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Hundertwasser - Bay of Islands, New Zealand

Hundertwasser Kawakawa toiletFrederick Hundertwasser first visited New Zealand in the 1970's to mount a public exhibition of his work. He was so captured by the country that he resolved to make it his second home, purchasing an isolated rural property on the Waikino peninsula on the Waikare Inlet east of the Kawakawa. Initially he was to spend only a few months of each year in the Bay of Islands, with the majority of his time still spent in Europe - Vienna in particular. But in recent years Hundertwasser spent more and more time at his New Zealand home.

He loved the informality of the area and the freedom to walk the streets of the Kawakawa township anonymously. He felt for the town and its entrapment in the rural decline which so much of New Zealand had suffered.

In 1998 the Kawakawa Community Board was looking to upgrade 40-year-old toilet facilities in the central township, and Hundertwasser offered a solution from his design palate. To Hundertwasser, a toilet is very special because you meditate in a toilet. Like a church. "The similarity is not so far fetched" - he says. His concept was adopted and, with the artist personally lending a hand in construction supervision, including the provision of materials from his own studio. Hundertwasser was in fact more involved in construction than he was in the world-renown Hundertwasser House apartments project in Vienna.

Hundertwasser Kawakawa toiletIn consultation with the Bay of Islands College, students prepared ceramic tiles which have been used throughout the building. The bricks used came from a former Bank of New Zealand building, and both young and old from the local community volunteered services to the construction process. Frederick Hundertwasser's toilet was opened in a dawn ceremony. The finished product is a work of art, from the grass roof, to gold balls, ceramic tiles, bottle glass windows, mosaic tiling, copper handwork, cobblestone flooring, individual sculptures and a living tree integrated into the design structure.

Hundertwasser could never have dreamed of the impact he was going to have on a small, rural community when he made New Zealand his second home 25 years ago. From a sleepy hollow just off the tourist track through the Bay of Islands, the Kawakawa township has burgeoned into a "must see" mecca for Hundertwasser devotees worldwide. The project has attracted both French and Japanese television documentary teams to Kawakawa, together with international visitors numbering in the thousands. Bus tours pull up outside for photo sessions, travelers familiar with Hundertwasser's work in Europe are making special visits to the Bay of Islands rural township, and domestic visitors are making a stopover for both practical and philosophical reasons.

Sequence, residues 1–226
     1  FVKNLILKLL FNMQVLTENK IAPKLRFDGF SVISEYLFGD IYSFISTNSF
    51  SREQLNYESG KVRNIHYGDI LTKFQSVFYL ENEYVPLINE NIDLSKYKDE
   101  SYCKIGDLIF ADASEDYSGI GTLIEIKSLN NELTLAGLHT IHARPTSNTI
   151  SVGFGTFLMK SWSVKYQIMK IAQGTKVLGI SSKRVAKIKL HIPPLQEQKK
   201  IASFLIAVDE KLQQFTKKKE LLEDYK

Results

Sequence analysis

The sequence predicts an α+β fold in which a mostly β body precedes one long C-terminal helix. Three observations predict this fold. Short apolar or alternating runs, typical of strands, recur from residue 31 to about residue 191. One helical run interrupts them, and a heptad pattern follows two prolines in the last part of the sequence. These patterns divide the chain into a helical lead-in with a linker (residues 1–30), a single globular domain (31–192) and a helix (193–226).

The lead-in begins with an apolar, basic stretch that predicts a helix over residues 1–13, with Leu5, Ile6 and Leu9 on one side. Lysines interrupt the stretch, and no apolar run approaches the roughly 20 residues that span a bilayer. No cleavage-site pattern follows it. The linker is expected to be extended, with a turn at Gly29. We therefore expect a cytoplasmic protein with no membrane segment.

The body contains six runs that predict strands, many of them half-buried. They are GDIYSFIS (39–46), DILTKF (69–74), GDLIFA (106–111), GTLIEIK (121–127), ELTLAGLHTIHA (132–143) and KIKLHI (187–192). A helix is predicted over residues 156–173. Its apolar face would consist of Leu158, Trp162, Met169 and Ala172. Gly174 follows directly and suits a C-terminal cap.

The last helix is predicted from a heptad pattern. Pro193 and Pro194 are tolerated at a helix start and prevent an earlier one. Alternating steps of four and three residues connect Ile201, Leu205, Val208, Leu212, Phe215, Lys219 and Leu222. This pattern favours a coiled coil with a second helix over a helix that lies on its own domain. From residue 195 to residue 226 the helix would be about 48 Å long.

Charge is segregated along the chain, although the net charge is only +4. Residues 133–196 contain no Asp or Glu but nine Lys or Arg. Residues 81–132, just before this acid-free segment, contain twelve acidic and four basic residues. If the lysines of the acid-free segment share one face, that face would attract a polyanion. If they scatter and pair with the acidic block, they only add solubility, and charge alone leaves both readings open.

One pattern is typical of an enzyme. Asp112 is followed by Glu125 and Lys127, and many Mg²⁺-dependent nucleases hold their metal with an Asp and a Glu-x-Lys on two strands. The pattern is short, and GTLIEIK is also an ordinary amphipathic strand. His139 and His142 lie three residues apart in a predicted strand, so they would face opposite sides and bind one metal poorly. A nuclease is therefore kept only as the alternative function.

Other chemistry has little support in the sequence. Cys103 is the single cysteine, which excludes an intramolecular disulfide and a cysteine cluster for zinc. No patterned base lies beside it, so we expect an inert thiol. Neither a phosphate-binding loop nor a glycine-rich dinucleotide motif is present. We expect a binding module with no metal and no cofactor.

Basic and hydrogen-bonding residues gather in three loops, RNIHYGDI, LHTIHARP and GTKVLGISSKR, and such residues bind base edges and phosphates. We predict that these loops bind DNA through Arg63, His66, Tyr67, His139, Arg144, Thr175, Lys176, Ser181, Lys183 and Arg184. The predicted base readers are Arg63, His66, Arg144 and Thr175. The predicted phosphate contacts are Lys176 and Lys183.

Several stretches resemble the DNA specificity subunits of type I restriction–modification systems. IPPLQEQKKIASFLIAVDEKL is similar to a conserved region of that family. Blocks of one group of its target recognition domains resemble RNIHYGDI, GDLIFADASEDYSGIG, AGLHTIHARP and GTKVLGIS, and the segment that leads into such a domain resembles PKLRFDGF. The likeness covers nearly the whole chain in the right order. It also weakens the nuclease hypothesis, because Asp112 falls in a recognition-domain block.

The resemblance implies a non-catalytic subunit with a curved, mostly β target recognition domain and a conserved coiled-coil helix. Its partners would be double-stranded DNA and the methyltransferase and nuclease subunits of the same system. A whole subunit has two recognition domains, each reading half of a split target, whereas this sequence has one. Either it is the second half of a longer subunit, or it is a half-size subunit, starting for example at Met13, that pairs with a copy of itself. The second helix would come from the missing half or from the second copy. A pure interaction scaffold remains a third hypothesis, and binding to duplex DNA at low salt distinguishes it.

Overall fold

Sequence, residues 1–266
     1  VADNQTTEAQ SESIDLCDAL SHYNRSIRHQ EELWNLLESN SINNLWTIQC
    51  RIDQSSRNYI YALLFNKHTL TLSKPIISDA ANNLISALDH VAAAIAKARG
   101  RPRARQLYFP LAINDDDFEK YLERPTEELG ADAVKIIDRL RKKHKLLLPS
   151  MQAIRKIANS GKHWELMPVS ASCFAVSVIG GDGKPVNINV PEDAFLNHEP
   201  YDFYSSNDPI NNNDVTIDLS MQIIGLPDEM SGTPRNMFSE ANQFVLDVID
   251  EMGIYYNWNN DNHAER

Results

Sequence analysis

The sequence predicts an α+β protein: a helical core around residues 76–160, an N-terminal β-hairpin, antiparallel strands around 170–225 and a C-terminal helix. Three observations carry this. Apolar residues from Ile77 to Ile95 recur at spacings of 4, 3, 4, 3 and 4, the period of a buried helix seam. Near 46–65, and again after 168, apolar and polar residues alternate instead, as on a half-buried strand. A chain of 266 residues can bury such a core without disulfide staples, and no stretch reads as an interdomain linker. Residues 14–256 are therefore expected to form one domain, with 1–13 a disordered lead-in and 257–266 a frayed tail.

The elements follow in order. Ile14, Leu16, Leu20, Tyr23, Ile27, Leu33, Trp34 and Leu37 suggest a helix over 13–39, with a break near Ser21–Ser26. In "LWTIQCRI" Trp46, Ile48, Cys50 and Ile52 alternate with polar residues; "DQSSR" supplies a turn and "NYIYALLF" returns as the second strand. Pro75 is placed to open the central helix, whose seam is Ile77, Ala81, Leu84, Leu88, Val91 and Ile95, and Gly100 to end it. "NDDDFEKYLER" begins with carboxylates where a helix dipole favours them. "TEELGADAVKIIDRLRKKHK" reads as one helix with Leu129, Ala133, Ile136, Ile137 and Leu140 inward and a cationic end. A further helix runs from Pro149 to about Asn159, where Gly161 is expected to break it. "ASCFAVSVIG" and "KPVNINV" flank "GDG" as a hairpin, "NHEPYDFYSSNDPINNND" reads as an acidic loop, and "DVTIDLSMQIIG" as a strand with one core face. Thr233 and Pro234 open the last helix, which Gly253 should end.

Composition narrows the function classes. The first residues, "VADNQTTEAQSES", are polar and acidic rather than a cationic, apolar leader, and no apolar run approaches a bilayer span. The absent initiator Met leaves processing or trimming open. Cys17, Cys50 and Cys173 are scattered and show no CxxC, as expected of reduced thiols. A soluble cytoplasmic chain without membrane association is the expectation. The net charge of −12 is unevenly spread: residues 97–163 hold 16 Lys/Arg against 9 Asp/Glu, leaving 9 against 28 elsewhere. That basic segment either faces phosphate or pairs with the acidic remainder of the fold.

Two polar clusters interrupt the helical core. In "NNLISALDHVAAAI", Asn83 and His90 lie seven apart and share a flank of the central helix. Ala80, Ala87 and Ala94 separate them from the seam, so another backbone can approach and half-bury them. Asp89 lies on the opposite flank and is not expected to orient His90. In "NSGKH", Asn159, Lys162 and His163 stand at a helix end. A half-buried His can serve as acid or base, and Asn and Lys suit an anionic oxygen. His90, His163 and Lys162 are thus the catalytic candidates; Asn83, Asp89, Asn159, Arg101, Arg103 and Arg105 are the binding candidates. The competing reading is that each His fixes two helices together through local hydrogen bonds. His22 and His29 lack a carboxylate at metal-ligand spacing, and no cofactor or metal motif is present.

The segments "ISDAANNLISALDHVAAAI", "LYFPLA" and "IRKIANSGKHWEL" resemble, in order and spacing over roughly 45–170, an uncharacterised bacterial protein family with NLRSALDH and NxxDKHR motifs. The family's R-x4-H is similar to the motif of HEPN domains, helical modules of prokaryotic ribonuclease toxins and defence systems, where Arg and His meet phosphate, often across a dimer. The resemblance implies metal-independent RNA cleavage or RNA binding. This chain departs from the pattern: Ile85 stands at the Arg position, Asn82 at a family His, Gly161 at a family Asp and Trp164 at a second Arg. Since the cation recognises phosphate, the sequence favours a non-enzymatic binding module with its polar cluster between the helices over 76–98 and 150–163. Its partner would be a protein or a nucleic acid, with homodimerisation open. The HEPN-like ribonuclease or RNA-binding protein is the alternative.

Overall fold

With the untimely death of the Austrian-born artist in February 2000, the building is the only Hundertwasser structure in the Southern Hemisphere, and the last major project ever undertaken by the famous artist and designer. It will remain as both a memorial to Frederick Hundertwasser and a very functional building for the community and visitors alike.

Frederick HundertwasserInternationally renowned artist and architect Frederick Hundertwasser Friedensreich Hundertwasser, 1928-2000 Photo from Tourismusverband Uelzen Apart from the Koru flag he designed in 1983 as an alternative standard for Aotearoa, his 1990 TVNZ appearance as part of the "Living Treasures" series, and his public toilets in Kawakawa, Hundertwasser's international profile was always far higher than his New Zealand profile.

Hundertwasser spent his whole career championing the curve of organic nature against the straight line. From the mid 70s, all his marvellous buildings - such as Hundertwasser House in Vienna (1985) and the hot springs village of Blumau in Styria (1990-97) - were ergonomically curved and ecologically integrated with humus toilets supplying compost to roof gardens. From engaging in performance art in favour of mass nudity in the 60s, Hundertwasser became more and more involved in ethnic issues in the 70s (especially after he moved to New Zealand in 1973, where he became involved with Maori culture).

KoruFriedrich Stowasser, better known as Hundertwasser (German: hundred water), in 1979. Born of a Jewish family in 1928, he survived the Second World War by hiding out in Vienna. After a long-standing career in avant-garde art, where he became more famous on the Continent rather than in Anglo-Saxon countries, he died on board the QE2 while sailing from his adopted New Zealand on a trip back to Europe.

In 1968 he changed his given name to Friedensreich ("abundance of peace"), and since then added the words "Regentag (Rainy day) and "Dunkelbunt" ("Dark multi coloured') to his surname. He is buried in New Zealand, in his garden of the Happy Dead, under a tulip tree. Hundertwasser's art was incredibly inventive and provided the world with some of the best art and architecture in the last decades of the 20th century.


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